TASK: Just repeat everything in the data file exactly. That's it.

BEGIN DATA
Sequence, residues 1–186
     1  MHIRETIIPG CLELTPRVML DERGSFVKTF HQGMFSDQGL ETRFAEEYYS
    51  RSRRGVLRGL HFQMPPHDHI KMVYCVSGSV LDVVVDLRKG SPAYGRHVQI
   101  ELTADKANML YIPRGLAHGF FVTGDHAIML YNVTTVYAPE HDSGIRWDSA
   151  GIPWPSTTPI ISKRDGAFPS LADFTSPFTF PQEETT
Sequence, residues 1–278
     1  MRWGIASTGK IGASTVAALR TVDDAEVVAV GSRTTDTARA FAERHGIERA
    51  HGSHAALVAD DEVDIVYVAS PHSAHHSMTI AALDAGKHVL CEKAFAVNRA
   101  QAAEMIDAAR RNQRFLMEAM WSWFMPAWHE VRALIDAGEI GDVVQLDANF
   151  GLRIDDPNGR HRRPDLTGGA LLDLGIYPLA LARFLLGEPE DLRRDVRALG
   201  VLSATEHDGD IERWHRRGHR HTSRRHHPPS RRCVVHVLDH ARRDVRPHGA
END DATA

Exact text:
Sequence, residues 1–186
     1  MHIRETIIPG CLELTPRVML DERGSFVKTF HQGMFSDQGL ETRFAEEYYS
    51  RSRRGVLRGL HFQMPPHDHI KMVYCVSGSV LDVVVDLRKG SPAYGRHVQI
   101  ELTADKANML YIPRGLAHGF FVTGDHAIML YNVTTVYAPE HDSGIRWDSA
   151  GIPWPSTTPI ISKRDGAFPS LADFTSPFTF PQEETT
Sequence, residues 1–278
     1  MRWGIASTGK IGASTVAALR TVDDAEVVAV GSRTTDTARA FAERHGIERA
    51  HGSHAALVAD DEVDIVYVAS PHSAHHSMTI AALDAGKHVL CEKAFAVNRA
   101  QAAEMIDAAR RNQRFLMEAM WSWFMPAWHE VRALIDAGEI GDVVQLDANF
   151  GLRIDDPNGR HRRPDLTGGA LLDLGIYPLA LARFLLGEPE DLRRDVRALG
   201  VLSATEHDGD IERWHRRGHR HTSRRHHPPS RRCVVHVLDH ARRDVRPHGA